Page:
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US optical industry voices opposition to tariffs

Several US-based vision organisations have, in a joint letter, warned that the US Government’s proposed tariffs on optical related goods could have a damaging impact on the sector.

On behalf of the US Ophthalmic sector The Vision Council, the American Acady of Ophthalmology, National Association of Opticians and Optometrists, Opticians Association of America, National Association of Vision Care Plans, Prevent Blindness and OneSight have issued a joint letter to the United States Trade Representative opposing the tariffs.

A proposed tariff, that could be as high as 25%, on lenses, frames, sunglasses, binoculars and telescopes, among many other products, is part of President Donald Trump’s US$300 billion (AU$430 b) escalating trade war with China. The Section 301 Tariffs Hearing Panel has recently been receiving feedback on the proposed tariffs from affected industries.

According to the joint letter, if implemented, the tariffs would have a significant effect on the pricing of glasses and lenses in the US, since any increase in price would likely be passed directly to patients.

Additionally, the letter warned that patients would not have many options to avoid the tariffs.

It stated: “The overwhelming majority of spectacle lenses and spectacle frames are imported into the US because no mass spectacle lens or spectacle frame production exists in the US. Furthermore, most of these components are produced in China, which is especially true for spectacle frames where 83.4% of the units originate.”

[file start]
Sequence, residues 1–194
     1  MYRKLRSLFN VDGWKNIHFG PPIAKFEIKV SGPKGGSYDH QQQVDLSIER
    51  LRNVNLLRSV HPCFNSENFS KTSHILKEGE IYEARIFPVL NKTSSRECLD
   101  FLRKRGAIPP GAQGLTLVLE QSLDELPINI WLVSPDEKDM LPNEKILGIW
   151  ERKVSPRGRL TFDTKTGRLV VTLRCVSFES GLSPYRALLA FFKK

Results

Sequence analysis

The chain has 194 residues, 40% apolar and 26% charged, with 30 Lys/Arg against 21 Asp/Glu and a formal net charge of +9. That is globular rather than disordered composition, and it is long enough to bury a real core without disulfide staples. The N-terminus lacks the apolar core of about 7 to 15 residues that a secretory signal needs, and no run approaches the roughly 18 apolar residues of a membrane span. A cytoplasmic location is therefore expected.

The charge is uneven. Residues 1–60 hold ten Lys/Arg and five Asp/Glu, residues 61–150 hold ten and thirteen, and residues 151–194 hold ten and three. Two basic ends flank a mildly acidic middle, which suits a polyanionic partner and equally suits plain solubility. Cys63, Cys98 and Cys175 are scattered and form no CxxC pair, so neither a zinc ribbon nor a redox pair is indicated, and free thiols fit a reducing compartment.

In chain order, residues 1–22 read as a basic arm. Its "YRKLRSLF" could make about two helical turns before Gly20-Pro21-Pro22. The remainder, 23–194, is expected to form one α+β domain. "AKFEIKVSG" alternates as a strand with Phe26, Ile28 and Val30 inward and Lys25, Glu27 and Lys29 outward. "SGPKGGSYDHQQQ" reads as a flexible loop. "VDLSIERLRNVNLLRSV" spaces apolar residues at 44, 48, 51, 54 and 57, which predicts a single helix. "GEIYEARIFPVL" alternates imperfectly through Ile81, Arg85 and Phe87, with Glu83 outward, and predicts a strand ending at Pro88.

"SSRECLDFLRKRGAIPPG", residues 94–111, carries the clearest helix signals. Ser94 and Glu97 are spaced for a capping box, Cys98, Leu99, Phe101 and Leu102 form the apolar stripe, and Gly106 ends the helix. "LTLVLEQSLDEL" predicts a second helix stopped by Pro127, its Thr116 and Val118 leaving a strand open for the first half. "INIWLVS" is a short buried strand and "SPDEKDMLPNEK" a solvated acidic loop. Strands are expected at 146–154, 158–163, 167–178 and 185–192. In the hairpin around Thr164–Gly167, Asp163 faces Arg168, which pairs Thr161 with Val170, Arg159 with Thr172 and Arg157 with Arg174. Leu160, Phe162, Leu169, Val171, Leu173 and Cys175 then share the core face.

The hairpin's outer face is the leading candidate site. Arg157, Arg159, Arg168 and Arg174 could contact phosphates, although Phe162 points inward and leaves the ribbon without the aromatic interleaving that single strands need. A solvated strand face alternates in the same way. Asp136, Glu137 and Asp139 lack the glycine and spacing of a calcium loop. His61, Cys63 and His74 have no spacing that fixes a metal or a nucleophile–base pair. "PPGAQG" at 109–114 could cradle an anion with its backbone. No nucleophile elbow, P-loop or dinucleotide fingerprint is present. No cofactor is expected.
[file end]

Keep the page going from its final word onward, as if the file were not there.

A comparable percentage of the US’ reading glasses and sunglasses are also imported from China.

It also stated that there was significant public backlash to a proposed 2.3% excise tax on the sale of medical devices to support Obamacare, making a potential 25% increase an even more unpopular prospect.

The Ophthalmic organisations also believe that the tariff is unlikely to have an impact on China’s “unfair trade practices related to the forced transfer of American technology and intellectual property,” Trump’s justification for the tariffs.

They state that manufacturing optical products does not require any significant technology and can’t be regarded as innovative, and that they have no knowledge of a company being forced to share technology with a Chinese partner in order to establish a manufacturing base there.

Trump’s trade war with China has been intensifying since 2018, with the US currently imposing tariffs on $250 billion (AU$359 b) of products from China and an additional US$300 billion (AU$430 b) threatened. In retaliation China has imposed US$110 billion (AU$157 b) in tariffs on US goods, and is considering other quantitative and qualitative measures.

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